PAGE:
The single copy price is again 75 cents. The news racks do not require coins to open, but we ask that the 75 cents for a non-subscription single copy sale be paid with coins in the slot.

– The Sitka Sentinel Staff


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Alaska COVID-19 
At a Glance

(updated 5-8-21)

By Sentinel Staff

The state Department of Health and Social Services has posted the following update on the number of confirmed COVID-19 cases in Alaska as of 11:50 a.m. Friday.

New cases as of Thursday: 114

Total statewide – 66,120

Total (cumulative) deaths – 343

Total (cumulative) hospitalizations – 1,508

To visit the Alaska DHSS Corona Response dashboard website click here.

The City of Sitka posted the following update on COVID-19 cases in Sitka as of 5 p.m. Thursday.

Active cases in Sitka – 7

Hospitalizations (cumulative) in Sitka – 5

Cumulative Sitka cases – 367 (321 resident; 46 non-resident)

Cumulative recovered – 359

Deceased (cumulative) – 1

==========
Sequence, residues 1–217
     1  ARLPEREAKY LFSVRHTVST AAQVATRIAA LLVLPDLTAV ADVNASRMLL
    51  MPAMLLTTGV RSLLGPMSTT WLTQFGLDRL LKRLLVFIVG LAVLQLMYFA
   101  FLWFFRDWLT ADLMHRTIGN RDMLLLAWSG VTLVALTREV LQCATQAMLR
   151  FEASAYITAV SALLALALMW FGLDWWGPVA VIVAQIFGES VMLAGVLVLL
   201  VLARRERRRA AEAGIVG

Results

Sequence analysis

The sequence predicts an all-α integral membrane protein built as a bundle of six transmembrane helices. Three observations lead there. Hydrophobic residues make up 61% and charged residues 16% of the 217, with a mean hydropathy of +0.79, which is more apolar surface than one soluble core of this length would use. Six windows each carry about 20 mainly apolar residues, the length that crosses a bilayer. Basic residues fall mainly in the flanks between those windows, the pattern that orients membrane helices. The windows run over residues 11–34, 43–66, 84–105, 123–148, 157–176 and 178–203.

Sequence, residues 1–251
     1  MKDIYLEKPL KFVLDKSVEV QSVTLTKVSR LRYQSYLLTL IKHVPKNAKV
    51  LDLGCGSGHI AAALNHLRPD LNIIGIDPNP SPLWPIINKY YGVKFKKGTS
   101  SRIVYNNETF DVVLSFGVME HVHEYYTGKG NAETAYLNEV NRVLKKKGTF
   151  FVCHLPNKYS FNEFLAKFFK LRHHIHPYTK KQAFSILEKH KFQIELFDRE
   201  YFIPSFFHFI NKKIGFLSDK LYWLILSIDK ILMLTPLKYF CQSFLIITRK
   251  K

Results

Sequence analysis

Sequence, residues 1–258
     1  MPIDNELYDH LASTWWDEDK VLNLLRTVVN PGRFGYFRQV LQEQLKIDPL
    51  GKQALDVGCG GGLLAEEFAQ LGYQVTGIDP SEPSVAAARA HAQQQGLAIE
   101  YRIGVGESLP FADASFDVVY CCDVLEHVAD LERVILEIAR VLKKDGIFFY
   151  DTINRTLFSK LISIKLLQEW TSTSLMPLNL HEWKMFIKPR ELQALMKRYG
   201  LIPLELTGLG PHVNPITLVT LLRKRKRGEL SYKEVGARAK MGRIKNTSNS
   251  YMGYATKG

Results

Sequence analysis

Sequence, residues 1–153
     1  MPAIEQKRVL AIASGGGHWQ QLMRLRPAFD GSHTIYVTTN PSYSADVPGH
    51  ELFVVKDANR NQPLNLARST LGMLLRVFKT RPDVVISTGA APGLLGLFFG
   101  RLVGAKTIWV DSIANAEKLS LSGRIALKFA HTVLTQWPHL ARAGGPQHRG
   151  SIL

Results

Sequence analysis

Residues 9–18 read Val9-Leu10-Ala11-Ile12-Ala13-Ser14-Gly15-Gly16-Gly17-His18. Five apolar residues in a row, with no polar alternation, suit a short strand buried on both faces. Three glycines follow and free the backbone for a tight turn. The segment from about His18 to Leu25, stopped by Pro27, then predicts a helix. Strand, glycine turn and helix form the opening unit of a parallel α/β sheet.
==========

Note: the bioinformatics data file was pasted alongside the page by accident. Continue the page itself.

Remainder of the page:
The local case data are from the City of Sitka website.

• • •


Sitka Vax Stats 

The State of Alaska DHSS reported Thursday the following statistics on vaccinations for Sitka.

Partially vaccinated – 4,898 (70.469%)

Fully vaccinated – 4,486 (64.56%)

Total population (16+) –6,949

Sitka has vaccinated (with at least one dose) 1,249 (84.51%) of its senior population (1,478 total), age 65 and older. 

Vaccination data for the City and Borough of Sitka can be found online at:





May 2001

Richard Nelson, Alaska writer and cultural anthropologist, will be speaker at the University of Alaska Southeast, Sitka Campus, commencement exercises at Keet Gooshi Heen Elementary School

May 1971

The Alaska Dept. of Fish and Game announced today that the 100-ton herring quota in District 13, outside of the Sitka Sound area, has been harvested. The 750-ton quota for Sitka Sound was taken by April 7.